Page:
Decision of the UCI Disciplinary Commission concerning Marc Bracke
The Union Cycliste Internationale (UCI) today announces that its Disciplinary Commission has rendered its decision in the disciplinary proceedings concerning Mr Marc Bracke, Director General and Sport Director of the UCI Women’s Continental Team Doltcini - Van Eyck - Proximus Continental Team, and allegations of harassment reported by several riders. The UCI had already announced the opening of disciplinary proceedings following the conclusions of its Ethics Commission.
The Disciplinary Commission confirmed the Ethics Commission’s analysis that Mr Bracke’s conduct constituted sexual harassment according to article 6.4 of the UCI Code of Ethics and article 2.3 of Appendix 1.
The Disciplinary Commission has therefore ordered the suspension of Mr Bracke from any role in cycling with immediate effect for a period of three years. As an additional measure and a condition of being granted a new licence after the period of suspension, Mr Bracke must take part in a harassment awareness programme delivered by a recognised professional institution.
This decision sets an important precedent when it comes to the fight against sexual harassment. It is essential for the well-being of athletes that they can have confidence in the institutions and feel free to report any form of abuse.
The UCI supports all people wishing to denounce such acts, whether they are victims or witnesses of conduct that does not conform to our Federation’s rules of conduct.
In this respect, the UCI recently adopted important measures with a view to more effective prevention and sanctioning of all forms of abuse in cycling.
As the prevention of abuse is a fundamental part of the UCI’s integrity programme, several actions will be implemented very shortly, including the appointment of an Integrity and Education Manager by the end of September 2021. This person will be in charge of establishing education and awareness courses for all cycling’s families, and managing a reporting system for harassment and abuse.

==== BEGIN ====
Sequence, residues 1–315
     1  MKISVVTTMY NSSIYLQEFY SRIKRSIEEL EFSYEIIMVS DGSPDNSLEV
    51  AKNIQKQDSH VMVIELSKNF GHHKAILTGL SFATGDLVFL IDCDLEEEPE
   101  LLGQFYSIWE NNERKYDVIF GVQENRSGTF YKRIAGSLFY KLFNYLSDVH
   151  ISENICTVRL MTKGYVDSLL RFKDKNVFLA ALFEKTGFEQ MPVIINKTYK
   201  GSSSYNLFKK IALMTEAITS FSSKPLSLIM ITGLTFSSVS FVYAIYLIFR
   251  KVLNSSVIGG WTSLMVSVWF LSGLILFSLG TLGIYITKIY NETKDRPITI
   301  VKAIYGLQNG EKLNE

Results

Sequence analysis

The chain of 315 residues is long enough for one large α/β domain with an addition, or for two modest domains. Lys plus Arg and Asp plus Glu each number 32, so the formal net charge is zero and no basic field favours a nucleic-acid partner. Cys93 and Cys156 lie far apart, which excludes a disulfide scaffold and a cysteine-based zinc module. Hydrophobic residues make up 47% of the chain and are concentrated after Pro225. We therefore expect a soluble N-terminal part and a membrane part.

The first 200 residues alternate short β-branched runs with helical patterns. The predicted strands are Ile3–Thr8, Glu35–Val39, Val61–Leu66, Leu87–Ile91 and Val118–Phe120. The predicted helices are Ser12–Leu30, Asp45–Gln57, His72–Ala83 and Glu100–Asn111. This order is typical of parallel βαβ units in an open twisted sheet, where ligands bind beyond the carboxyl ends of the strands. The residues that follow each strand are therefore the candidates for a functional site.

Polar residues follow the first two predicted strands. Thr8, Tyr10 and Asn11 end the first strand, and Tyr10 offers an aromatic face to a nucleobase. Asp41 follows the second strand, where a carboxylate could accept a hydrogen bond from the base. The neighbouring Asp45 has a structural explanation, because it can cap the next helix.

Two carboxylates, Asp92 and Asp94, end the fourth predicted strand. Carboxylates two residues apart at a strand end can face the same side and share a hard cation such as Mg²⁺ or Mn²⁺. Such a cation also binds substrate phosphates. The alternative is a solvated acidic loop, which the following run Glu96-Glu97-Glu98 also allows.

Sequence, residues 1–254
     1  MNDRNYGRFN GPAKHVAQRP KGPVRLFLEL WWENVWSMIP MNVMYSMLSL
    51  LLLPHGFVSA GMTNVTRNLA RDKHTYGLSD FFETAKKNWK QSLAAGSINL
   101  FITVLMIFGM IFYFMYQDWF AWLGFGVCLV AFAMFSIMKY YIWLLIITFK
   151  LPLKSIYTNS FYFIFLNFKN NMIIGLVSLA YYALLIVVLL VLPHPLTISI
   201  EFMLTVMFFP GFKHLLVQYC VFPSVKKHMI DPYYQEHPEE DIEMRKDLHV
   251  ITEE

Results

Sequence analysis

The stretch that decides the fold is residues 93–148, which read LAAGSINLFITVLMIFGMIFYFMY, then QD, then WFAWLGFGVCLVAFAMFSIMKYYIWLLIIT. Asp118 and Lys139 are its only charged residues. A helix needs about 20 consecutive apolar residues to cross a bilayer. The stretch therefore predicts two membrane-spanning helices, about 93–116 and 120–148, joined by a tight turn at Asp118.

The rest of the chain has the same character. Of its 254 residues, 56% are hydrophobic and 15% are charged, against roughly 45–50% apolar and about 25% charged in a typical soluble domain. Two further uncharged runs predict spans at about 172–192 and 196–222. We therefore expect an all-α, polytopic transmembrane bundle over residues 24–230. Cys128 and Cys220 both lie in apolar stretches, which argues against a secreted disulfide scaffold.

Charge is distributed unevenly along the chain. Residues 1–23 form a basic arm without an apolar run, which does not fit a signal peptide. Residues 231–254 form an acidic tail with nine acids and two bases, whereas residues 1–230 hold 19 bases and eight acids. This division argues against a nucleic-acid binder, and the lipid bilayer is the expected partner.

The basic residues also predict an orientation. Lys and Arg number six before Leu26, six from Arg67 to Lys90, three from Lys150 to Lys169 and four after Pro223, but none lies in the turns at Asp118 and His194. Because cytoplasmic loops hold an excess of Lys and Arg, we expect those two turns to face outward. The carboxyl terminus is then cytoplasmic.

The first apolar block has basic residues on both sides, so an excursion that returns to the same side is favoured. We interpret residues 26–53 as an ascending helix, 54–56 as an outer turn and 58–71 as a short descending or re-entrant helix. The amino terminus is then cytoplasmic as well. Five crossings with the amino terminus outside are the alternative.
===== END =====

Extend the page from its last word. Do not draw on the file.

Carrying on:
In addition, the UCI decided to entrust its Ethics Commission with full sanctioning powers, which will reduce the length and complexity of proceedings that are opened in the case of violation of its Code of Ethics.
An obligation for the Ethics Commission to inform complainants has also been approved. This obligation means complainants and any other person who is directly concerned and has a legitimate interest will be informed of the opening of proceedings, the end of the investigation phase as well as the decision and its considerations linked to factual elements that concern them directly.
Although the current case was submitted to the Disciplinary Commission before the recent modifications to the Code of Ethics, the UCI has decided to inform the complainants in line with the new requirements of the Code recognising their legitimate interest in receiving information concerning the decision and its considerations linked to factual elements that concern them directly.
The original article can be found here.